A short review of Tompkin’s School: For the Extraordinarily Talented

I have just finished reading Tompkin’s School: For the Extraordinarily Gifted by Tabitha Slick, an award-winning author of Paranormal & Urban Fantasy novels. I would highly recommend this novel, and indeed all of her books. The title fascinated me as it made me think of the powerful minds of Gifted Students and the world they live in. Having taught Gifted and Talented students, I am sure this is a Young Adult novel they would enjoy.

Now, more about the author: I first met her at the Texas Haunter’s Convention in Mesquite Texas. At her website https://www.tabislick.com/, you can receive a free sample of Tompkin’s School, a school “where students go missing, demons hunt freely, and the school does nothing to stop it. “ At her website, you can join her Transitioned Universe, the supernatural world of magic in which all her books are set to discover its secrets.

Ms. Slick is a prolific author and if you have an interest in reading novels about the Paranormal and Urban Fantasy, you are sure to enjoy the experience.

Tompkin’s Academy is set in the magical countryside of Oklahoma where she grew up. After starting her studies in Puerto Rico, she finally settled down in the Dallas-Fort Worth area of Texas.

With a background in Linguistics, she’s often found either researching or with her nose stuck in a book. In her blog, you will find writing tips, recommended books to read, details of some of her writing events, and special offers. She has a contact page and I have found her to respond promptly to letters and questions. Her photo is below!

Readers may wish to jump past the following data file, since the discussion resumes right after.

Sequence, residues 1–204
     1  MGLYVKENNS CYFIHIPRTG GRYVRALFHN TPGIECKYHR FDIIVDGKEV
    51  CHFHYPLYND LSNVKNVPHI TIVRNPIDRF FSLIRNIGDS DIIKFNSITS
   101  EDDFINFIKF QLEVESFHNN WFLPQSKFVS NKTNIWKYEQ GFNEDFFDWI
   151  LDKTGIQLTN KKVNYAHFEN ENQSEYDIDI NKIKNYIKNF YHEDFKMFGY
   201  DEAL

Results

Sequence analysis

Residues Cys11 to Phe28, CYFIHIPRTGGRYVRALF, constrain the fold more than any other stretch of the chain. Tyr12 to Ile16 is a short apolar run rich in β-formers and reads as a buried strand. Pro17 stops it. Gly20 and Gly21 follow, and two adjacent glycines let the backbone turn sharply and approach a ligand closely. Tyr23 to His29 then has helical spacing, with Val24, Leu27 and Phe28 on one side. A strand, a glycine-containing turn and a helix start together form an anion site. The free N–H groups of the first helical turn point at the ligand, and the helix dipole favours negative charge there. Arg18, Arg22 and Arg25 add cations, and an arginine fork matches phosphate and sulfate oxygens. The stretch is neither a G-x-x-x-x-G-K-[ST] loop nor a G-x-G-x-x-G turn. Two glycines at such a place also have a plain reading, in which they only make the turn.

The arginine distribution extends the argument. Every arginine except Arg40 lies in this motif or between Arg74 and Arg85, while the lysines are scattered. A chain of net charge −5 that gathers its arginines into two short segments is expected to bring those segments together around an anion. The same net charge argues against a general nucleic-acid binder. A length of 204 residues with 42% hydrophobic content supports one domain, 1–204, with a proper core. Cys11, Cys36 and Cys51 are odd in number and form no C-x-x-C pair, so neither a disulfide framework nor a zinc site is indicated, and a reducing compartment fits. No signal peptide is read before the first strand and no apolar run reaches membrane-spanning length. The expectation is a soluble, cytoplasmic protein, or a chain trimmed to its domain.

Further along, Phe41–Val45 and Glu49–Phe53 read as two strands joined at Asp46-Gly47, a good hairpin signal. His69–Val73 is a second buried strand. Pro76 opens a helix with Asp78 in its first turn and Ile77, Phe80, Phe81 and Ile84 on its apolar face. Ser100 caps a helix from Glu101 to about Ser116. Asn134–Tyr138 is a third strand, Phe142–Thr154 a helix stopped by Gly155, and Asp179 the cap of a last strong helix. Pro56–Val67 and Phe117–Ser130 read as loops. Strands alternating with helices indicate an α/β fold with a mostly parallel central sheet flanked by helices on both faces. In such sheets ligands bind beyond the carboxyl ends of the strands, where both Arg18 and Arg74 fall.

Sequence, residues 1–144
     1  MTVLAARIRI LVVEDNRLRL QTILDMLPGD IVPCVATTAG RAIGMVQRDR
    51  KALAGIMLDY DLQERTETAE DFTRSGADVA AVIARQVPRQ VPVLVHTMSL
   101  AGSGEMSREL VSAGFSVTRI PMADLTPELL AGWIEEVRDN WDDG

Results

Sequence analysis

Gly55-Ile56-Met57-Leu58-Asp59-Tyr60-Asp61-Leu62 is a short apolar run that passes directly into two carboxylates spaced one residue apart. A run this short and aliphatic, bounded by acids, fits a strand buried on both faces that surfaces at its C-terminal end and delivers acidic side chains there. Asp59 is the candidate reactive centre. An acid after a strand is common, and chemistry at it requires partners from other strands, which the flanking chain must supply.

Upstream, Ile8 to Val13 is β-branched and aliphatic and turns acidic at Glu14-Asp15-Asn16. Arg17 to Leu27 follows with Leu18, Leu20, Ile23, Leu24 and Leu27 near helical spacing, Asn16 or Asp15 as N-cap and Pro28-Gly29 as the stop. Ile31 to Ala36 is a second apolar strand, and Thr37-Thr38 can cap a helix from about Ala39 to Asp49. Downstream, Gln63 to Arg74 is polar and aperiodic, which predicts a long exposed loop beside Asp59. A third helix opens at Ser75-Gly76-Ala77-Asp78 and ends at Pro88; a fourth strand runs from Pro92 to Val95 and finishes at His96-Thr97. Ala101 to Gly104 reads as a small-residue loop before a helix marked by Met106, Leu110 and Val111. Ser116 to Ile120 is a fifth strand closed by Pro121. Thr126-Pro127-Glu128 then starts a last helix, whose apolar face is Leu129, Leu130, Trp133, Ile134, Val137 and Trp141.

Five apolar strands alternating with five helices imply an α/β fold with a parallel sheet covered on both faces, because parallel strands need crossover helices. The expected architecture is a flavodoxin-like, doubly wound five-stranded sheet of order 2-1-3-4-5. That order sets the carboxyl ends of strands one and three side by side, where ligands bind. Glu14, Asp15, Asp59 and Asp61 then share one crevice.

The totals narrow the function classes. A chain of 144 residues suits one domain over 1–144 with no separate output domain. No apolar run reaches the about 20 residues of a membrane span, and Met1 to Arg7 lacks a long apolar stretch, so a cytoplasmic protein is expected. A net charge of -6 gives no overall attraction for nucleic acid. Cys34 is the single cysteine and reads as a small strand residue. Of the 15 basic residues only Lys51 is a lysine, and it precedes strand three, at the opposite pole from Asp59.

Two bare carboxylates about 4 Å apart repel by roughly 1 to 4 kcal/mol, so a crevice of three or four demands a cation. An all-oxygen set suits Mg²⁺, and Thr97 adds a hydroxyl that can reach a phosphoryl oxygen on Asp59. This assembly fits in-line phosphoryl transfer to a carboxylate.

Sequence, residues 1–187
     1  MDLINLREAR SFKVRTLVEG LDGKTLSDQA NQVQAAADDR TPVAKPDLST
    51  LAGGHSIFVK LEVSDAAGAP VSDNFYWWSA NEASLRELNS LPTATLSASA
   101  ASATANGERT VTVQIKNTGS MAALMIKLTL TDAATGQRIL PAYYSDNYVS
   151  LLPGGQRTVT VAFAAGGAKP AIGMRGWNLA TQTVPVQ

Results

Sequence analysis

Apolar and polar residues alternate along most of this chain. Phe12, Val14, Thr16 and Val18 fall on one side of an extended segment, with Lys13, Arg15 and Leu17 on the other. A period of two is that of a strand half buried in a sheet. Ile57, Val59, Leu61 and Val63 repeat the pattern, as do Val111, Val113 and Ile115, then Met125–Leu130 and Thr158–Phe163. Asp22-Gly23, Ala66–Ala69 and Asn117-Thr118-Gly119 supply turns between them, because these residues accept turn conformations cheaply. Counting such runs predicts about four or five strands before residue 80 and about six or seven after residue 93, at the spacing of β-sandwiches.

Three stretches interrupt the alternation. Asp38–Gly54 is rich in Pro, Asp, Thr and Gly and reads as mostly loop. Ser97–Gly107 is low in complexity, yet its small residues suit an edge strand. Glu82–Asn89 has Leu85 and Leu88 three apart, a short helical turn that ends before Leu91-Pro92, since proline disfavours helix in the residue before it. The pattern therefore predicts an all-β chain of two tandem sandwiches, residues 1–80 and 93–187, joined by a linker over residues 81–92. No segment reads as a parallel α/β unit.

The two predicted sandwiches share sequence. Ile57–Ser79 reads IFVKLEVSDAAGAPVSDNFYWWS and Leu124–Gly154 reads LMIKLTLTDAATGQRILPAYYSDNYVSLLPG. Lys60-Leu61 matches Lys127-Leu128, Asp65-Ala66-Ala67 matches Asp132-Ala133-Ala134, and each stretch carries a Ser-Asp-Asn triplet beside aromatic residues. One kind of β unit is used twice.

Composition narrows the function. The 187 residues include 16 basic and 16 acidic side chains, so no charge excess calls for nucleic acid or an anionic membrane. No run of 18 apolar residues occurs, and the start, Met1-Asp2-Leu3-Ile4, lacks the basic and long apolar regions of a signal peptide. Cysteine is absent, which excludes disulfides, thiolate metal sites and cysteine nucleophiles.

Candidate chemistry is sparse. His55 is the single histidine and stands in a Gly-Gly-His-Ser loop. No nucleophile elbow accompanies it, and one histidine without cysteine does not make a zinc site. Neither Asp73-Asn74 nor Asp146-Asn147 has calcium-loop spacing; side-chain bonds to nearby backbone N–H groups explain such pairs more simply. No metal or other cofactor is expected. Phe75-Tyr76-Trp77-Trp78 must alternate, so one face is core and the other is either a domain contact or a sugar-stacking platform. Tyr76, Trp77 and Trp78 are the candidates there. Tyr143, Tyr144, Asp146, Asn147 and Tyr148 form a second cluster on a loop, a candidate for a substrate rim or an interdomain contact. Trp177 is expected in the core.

Thirty Days to Halloween: Day 4. About Hoodoo and Root Doctors

New Orleans has been a source of many surprises to me through the years. As I did my yearly October Halloween research, I came on some good information about Hoodoo and Root Doctors.

 I discovered Crescent City Conjure, a business that offers candles, oils, incense, herbs, roots, divination tools, curios, and even gris-gris.  They also offer fascinating classes. Check them out at their website:

I discovered that hoodoo is not the same as voodoo. Oxford Languages defines hoodoo as a religion practiced in parts of the Caribbean and the southern US and characterized by sorcery and spirit possession. If a person wants to learn more about hoodoo, this might be a good book:

Root doctors are the traditional healers and conjurers of the rural, black South. They use herbs, roots, potions, and spells to help and sometimes to hurt people. One famous root doctor was Dr. Buzzard in South Carolina with clientele from all over the nation. He is buried on St. Helena Island. Bands and songs have used Dr. Buzzard’s name.  I intend to research him further. Here’s a tarot card with his image on it:

Thirty Days to Halloween: Day Two Voodoo Paquet